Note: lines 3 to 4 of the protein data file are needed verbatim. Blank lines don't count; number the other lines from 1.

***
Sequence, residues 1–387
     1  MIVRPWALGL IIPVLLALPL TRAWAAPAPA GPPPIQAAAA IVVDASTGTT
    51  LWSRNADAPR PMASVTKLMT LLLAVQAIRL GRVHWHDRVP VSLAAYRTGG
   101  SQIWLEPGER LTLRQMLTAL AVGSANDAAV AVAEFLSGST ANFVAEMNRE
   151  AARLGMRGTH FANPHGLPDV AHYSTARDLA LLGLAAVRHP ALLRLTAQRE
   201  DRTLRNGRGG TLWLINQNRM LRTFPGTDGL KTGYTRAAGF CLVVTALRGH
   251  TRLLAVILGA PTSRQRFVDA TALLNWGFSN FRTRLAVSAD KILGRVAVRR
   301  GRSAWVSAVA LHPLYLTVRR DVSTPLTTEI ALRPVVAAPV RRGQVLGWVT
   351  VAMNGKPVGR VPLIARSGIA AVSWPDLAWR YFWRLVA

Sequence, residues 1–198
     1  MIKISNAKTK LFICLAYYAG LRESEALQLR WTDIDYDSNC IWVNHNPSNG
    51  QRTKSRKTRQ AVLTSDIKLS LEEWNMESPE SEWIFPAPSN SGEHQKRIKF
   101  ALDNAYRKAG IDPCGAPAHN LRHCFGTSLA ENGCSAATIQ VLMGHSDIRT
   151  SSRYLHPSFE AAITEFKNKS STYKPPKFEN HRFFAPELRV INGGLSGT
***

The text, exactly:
    51  LWSRNADAPR PMASVTKLMT LLLAVQAIRL GRVHWHDRVP VSLAAYRTGG
   101  SQIWLEPGER LTLRQMLTAL AVGSANDAAV AVAEFLSGST ANFVAEMNRE